The dizzying effects of Fat Tuesday are over and the sobering effect of Lent has set in. All the things I said I would give up for God seem less like noble sacrifices and more like some idiotic thing I said in anticipation of over-indulging on Fat Tuesday. Kind of like saying, “I’m not trying to be insulting” just before you insult someone.
The thing I wrestle with over and over – and not necessarily only on Lent – but every time I realize I need to get my act together (which is often) – is that I have to get “real” with myself before I can actually start making changes. The thing is: knowing the truth and accepting the truth are two very different things. It seems to me that agony lies between the two.
So how do you discover the truth or what is real?
I begin by wrestling with questions or avoiding questions and, in the process, spend a lot of energy. Questions like: How did this happen? Why does it continue? Is it really bad for me? Who’s fault is it? Should I be dealing with this at all? I wish I could just skip the questions and get to ‘real’ right off the bat, but it seems to be a process of self-discovery for me albeit agonizing.
Giving up caffeine for instance. I said I was going to give up caffeine (again). Something inside me keeps saying, one more soda isn’t going to hurt anything. Nobody ever died from one soda. But my problem isn’t one soda, it’s the gallons of soda a week I drink. A minor indulgence is not the problem. And the fact is, it is what I do consistently that matters, not the things I do sometimes. I do not need caffeine. I need to give it up. Not because I’m being noble but because it is imperative to my health. So really, I’m not giving it up for God but for myself.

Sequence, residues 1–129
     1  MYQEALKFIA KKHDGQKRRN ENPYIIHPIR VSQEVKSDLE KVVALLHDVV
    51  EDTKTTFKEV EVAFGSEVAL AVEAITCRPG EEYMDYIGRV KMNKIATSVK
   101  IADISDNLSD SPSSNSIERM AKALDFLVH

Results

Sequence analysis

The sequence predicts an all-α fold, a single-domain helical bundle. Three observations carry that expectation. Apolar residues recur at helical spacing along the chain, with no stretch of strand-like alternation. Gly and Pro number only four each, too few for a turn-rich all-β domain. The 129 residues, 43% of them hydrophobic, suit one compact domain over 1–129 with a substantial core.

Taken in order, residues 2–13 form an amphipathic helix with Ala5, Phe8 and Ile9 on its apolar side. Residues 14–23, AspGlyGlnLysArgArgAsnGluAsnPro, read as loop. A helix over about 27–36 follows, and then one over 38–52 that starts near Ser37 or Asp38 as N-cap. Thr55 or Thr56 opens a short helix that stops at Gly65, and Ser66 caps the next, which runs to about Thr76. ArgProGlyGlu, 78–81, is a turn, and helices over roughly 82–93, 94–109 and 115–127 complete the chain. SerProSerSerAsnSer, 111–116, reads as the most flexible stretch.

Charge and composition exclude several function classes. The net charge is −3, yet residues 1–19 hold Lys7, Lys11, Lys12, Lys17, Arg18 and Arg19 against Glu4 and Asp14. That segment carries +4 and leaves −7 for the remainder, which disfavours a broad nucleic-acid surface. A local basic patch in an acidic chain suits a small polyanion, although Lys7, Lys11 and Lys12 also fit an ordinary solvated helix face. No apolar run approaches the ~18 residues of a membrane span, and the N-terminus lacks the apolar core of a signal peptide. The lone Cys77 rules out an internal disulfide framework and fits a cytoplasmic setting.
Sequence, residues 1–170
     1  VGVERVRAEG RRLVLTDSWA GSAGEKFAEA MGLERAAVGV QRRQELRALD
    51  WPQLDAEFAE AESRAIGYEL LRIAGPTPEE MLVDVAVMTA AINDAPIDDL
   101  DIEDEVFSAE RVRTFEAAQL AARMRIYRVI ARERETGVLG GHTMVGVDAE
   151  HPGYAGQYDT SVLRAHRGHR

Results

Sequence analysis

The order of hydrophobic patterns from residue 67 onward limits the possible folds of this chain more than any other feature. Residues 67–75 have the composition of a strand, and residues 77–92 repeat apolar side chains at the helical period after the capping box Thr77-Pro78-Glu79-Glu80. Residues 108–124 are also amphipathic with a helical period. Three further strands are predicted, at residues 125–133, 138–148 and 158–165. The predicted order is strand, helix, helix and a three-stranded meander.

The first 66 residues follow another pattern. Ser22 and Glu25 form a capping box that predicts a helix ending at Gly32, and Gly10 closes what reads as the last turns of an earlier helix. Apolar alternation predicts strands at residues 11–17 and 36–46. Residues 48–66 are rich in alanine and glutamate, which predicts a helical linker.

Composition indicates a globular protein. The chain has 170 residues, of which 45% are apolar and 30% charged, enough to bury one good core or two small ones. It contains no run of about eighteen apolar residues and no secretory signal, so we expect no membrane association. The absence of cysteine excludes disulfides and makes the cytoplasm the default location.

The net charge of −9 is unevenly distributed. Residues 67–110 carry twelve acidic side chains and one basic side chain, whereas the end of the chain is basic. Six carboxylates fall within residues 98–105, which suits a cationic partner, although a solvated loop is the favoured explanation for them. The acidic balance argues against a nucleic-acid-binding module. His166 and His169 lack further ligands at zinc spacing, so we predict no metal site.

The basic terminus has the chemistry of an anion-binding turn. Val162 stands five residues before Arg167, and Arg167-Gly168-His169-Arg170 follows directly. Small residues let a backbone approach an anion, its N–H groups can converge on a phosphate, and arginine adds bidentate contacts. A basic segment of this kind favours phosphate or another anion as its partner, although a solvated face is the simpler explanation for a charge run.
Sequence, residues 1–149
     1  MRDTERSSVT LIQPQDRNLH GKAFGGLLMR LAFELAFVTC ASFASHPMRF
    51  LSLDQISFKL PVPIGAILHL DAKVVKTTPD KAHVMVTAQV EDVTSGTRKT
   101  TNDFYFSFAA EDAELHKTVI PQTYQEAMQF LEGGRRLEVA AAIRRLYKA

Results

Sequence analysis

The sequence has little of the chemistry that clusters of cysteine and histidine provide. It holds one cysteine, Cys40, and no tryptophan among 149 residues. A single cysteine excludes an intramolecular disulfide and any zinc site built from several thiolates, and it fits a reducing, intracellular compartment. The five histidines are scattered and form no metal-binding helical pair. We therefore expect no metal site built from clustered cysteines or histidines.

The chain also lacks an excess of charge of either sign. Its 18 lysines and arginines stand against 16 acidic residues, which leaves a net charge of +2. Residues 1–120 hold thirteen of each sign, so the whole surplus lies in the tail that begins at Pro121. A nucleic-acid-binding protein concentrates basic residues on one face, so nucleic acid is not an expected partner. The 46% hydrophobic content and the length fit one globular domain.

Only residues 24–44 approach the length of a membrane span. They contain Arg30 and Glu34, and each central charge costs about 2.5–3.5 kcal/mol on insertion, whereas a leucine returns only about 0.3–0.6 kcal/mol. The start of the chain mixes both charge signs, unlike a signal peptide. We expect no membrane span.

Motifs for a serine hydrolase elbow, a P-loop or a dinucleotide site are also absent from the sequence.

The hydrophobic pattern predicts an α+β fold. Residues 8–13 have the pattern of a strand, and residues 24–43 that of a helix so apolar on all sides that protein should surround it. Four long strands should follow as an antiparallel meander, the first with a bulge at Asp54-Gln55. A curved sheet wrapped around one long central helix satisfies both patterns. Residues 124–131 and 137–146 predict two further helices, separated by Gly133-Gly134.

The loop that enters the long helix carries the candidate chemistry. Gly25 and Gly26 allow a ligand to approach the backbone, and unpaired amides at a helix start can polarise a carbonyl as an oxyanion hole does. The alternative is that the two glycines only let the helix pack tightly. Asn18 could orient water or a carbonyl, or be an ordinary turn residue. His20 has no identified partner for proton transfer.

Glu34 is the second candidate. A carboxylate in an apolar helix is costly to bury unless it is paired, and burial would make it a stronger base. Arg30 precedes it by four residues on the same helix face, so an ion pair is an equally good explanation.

Cursing is another issue. I said I was going to give up cursing. I have a seriously bad habit of cursing. My mother did her best and in her presence I never curse. So I know it can be done. I like to think I picked up the habit many years ago working around what some would consider “rough characters”. In reality I started cursing to vent frustration rather than dealing with my hot temper and impatience. I just felt it was ‘ok’ to let those words fly in the presence of what some would consider “rough characters”. But that’s another lie. Those people I worked with were some of the best people I’ve ever met. The stereotype in my own mind and the weakness of my own character made it, in my mind at least, ‘ok’ to say those words in their presence and they just were too nice to call me out on it.
Funny how I do that. I like to blame other people and my circumstances when in actuality I am just not being ‘real’ with myself or my God.
God knows I’m just fooling myself and thereby being foolish, but free-will and all that jazz gets me into trouble. When I’m standing there with a soda in my hand and my husband walks in and says, “What are you drinking?”, I sometimes I feel like Cain after he knocked Able in the head for being “better” than he was at just about everything. God says to Cain, “Where is your brother”? And Cain says, “Am I my brother’s keeper?!” <insert eyeroll> When he knows full well that Able is sleeping with the fishes.
I know deep down that when I hide from God, I am not postponing the pain of conviction. I am prolonging the pain of my own actions. I guess too often I forget to begin my process of self-discovery with prayer. I sometimes forget that the thing about forgiveness is that I don’t have to be perfect to get it. I just have to acknowledge my actions and ask for it. That’s all. But in order to do that I have to get ‘real’ first. So how do I shorten the agony of that process? I don’t know that I can except to accept God’s help and stop avoiding the truth even when it hurts. I am finally learning that part of being a Christian is trusting God and allowing myself to see me as God does. Sometimes that’s painful for me, but that’s the ultimate in ‘getting real’. I guess that’s what “The truth shall set you free” means. Yes, it will set me free but until I accept it and confess it, it will hold me down.
So, after asking God for help, and going through my discovery process, this is me finally getting real: